To reduce upside whipsaws (premature buys), I added the rule that to go long in a market, the market must not only be near C (less than 10% away from its 50-week high), but it must also have two lows above its 50-week moving average. This is known as upside “daylight.” (See my article for more detail on this concept, which I also call “Davelight.”) This simple rule helps to ensure that the market is trending in the right direction.

To avoid whipsaws on the downside (premature exits), the only requisite is that the market has to close below its 50-week moving average. I don’t require downside daylight since markets “slide faster than they glide.”

In other words, I don’t want to wait until the market is already in a serious sell-off. By then it might be too late. In markets, you often want to sell first and ask questions later. The old hedge fund adage “he who fights and runs away, lives to fight another day” comes to mind.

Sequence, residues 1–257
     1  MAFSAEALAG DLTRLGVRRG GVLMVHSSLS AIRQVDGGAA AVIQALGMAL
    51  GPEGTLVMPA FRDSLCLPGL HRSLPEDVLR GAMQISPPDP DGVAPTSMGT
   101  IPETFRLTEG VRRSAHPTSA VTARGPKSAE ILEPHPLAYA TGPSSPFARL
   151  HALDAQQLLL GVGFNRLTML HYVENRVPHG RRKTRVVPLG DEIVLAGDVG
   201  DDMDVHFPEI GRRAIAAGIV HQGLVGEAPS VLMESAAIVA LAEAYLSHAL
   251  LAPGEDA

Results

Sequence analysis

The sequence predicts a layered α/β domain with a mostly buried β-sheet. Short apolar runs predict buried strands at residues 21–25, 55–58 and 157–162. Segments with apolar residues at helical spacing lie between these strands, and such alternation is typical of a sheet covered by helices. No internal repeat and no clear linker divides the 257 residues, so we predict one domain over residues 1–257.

Case in point: In 1987, the market dropped below 10% of its 50-week high and closed below the 50-week moving average on the week ending Oct. 16, 1987. There wasn’t downside daylight until the following Monday. By then, the market had already dropped an additional 34%.


Note: In the upper chart, readings above or below the blue line show how far the market is from its 50-week high. Readings above the blue line are bearish, indicating the market is more than 10% from its 50-week high.


The system defined

A market is considered bullish as long as it is within 10% of its 50-week high and its lows (two or more) are greater than its 50-week moving average. Conversely, a market is considered bearish as long as it is 10% or more away from its 50-week high and it closes below its 50-week moving average. So, in general, you want to be invested as long as the market is “bullish,” and you want to be out of the market (or possibly even short) as long as the market is “bearish.”